The Dover Public Library held a virtual event Monday night replicating Food Network’s “Chopped” featuring chef of local restaurant Stages at One Washington and three-time “Chopped” champion Evan Hennessey. 

Hennessey, a Dover native, participated in the “Chopped” challenge and hosted the free virtual event from the kitchen of his own restaurant, Stages, at 1 Washington Street in Dover. The show’s format requires four participants to create an appetizer, entree, and dessert in three separate rounds with rigorous time constraints. The challenge is that the chefs are given a basket of random ingredients with no time to prepare before putting the dish together. They are judged upon the conclusion of each round until there is one chef remaining – the “Chopped” champion.  

Hennessey received his first “Chopped” title in 2018, and for his hometown of Dover, agreed to replicate the competition in front of the online audience live, as well as answer questions about his experience and cooking in general. He said staff of the public library reached out to him originally to do a Q&A segment after coming up with the public competition on their own, and the idea evolved from there. Hennessey said the intent was to reach out to the community and keep them engaged and motivated during tough times. Viewers of the event had the opportunity to vote on the secret basket ingredients when they signed up for free online. Reception was so high that the Dover Public Library had to change the link to accommodate more participants. The library is also sponsoring the competition for folks at home with three categories: adult – judged by Chef Hennessey – teen, and family.  

In the Q&A portion of the event, he answered questions from “Chopped” fans about his experience on the show. He reaffirmed the realness of the pressure and how much stress the event can bring upon its contestants. It appears just as on screen, he said, where there’s  

At Stages, Hennessey said he’s used to cooking in front of diners, so he’s used to an audience in a sense, but said no “Chopped” participant wants the station closest to the judges, where he said you can hear their comments. 

He recalled one of his most proud dishes on the show, a nicely cooked piece of venison accompanied by a meal that made one of the judges “feel like they were in Copenhagen.” Just what Hennessey said he was going for. 

The basket ingredients for Monday night’s “Chopped” one round virtual event were as follows: Funyuns, pineapple, squid ink pasta and spam. Hennessey was given 20 minutes to create an appetizer from the basket and answered questions prior to and during the event.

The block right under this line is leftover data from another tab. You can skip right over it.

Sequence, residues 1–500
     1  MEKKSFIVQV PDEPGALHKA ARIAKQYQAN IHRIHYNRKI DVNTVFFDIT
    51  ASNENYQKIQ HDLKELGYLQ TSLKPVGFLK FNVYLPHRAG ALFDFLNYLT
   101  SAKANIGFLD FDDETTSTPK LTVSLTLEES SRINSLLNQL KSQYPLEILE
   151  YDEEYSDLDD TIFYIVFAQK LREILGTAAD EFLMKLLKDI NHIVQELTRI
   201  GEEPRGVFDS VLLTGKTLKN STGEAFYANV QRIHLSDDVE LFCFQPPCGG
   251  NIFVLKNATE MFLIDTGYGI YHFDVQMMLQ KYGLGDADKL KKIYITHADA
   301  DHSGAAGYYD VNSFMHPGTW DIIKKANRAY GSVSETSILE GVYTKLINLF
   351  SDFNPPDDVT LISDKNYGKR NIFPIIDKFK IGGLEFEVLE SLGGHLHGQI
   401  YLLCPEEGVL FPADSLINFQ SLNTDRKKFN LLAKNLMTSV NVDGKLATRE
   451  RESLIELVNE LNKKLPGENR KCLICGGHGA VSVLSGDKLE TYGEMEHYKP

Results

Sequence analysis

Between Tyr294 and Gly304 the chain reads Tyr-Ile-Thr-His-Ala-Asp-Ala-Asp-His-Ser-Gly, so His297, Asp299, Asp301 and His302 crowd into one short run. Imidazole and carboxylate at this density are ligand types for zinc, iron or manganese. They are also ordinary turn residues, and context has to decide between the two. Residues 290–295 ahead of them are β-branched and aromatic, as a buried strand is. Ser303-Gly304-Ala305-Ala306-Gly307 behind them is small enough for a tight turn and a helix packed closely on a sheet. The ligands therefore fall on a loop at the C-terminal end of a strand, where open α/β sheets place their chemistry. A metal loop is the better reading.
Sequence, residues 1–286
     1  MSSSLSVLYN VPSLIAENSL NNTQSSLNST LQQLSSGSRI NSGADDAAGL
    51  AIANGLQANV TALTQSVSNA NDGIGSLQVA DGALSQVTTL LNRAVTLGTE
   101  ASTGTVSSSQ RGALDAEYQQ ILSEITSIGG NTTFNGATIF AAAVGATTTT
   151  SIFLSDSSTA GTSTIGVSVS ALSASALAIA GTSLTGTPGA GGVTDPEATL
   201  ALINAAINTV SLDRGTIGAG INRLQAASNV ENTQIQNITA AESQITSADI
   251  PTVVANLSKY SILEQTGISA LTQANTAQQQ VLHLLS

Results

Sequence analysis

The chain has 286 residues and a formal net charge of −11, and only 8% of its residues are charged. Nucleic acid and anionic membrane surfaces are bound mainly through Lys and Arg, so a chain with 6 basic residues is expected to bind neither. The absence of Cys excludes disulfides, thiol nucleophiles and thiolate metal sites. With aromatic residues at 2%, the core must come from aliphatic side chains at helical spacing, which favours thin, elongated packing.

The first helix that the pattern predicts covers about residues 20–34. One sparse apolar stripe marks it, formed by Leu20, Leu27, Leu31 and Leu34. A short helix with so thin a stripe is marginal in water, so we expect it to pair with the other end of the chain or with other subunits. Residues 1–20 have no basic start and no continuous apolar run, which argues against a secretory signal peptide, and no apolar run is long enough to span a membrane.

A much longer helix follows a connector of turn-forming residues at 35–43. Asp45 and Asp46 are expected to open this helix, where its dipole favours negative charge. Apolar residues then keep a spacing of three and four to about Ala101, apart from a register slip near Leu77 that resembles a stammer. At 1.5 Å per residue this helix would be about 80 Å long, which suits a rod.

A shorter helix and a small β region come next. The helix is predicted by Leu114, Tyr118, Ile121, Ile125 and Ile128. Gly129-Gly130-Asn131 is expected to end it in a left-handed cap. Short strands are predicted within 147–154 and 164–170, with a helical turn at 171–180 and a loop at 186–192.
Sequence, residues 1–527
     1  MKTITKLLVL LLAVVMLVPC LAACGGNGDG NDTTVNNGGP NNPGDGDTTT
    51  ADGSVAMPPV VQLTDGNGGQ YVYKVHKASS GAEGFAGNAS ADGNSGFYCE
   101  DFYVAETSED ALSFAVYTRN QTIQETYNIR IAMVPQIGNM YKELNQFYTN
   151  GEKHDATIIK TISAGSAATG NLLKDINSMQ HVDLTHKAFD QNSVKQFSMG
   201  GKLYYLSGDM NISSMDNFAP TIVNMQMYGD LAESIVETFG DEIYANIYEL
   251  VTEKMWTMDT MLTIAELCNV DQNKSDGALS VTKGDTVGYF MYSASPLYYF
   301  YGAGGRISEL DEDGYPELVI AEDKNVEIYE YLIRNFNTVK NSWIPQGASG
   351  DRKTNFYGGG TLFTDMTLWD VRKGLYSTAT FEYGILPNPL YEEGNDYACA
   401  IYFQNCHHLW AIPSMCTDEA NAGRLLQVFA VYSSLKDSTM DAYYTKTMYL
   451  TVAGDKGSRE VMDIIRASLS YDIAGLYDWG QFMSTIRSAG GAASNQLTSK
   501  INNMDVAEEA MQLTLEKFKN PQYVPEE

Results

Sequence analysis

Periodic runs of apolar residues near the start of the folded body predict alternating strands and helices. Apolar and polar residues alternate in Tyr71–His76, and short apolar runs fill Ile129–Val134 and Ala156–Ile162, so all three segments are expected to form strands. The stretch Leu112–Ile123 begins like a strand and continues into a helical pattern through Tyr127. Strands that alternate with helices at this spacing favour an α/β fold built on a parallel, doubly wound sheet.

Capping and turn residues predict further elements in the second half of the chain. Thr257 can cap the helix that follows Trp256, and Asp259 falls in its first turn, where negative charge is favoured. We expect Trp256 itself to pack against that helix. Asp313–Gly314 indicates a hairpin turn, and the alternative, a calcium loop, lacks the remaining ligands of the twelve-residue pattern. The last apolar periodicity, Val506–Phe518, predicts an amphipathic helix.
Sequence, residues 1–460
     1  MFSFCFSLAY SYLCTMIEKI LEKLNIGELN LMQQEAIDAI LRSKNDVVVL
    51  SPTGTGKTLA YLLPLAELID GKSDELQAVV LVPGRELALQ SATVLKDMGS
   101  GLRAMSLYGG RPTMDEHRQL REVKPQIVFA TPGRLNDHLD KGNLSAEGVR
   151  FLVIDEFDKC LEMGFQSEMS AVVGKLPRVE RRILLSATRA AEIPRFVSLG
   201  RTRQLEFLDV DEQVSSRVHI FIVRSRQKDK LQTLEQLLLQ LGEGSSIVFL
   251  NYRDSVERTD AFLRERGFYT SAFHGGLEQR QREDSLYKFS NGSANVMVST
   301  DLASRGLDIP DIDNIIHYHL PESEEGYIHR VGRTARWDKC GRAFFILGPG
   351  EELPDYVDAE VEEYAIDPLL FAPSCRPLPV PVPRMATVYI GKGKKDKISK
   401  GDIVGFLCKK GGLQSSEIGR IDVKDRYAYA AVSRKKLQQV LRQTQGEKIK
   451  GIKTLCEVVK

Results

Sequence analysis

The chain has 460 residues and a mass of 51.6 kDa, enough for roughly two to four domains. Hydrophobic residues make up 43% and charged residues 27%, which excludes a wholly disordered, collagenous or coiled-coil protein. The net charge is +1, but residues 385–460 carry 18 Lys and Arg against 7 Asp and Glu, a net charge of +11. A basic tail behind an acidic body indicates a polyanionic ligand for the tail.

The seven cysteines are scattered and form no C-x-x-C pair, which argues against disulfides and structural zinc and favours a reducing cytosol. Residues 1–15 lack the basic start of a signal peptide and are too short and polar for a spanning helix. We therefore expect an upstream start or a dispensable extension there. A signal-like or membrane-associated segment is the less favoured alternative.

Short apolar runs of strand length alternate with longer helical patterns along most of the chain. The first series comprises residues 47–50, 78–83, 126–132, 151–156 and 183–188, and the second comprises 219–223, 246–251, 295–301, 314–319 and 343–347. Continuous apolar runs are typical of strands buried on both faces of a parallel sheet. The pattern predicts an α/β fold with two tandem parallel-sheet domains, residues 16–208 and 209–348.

When the timer started, Hennessey got right to work, slicing the pineapple into chunks, salting it and throwing it on the grill. His piece of advice for home cooks was to taste your food, but also to use salt to help bring out the other flavors in an ingredient, as he did for the pineapple. 

He cut down the spam into cubes, combining it with butter and water in a saucepan. He said he aimed to render it down so it could be pureed. He then chopped the Funyuns into small bits, combining the crumbs with herbs like dill and basil. He blended the squid ink pasta into a powder, aiming to use it as a crunch with the final product. 

Hennessey labelled his dish “grilled pineapple with a topping of herbs, Funyuns and squid pasta with a spam puree.” Surprised with the positive outcome of the spam and the processed Funyuns, he said, “I’ve outdone myself.” 

In an interview with The New Hampshire, Hennessey said the “tough and real situation” the restaurant industry is dealing with is a “huge makeover,” in closing and adapting to different models. In the tough scenario, he said, it is the restaurants that adapt that will make it.  

He said that patrons should continue to go to restaurants, and encouraged customers to contact their favorite restaurants if they are uncomfortable with sit-in dining, and ask them what they’re doing to ensure the safety of their patrons. Hennessey said restaurants are doing “some of the best jobs in sanitation standards,” going above and beyond to make their places of business safe. 

After over nine years, Hennessey said Stages is going strong and thriving, having added another time slot for patrons to dine-in six people at a time. 

Photo courtesy of Food Network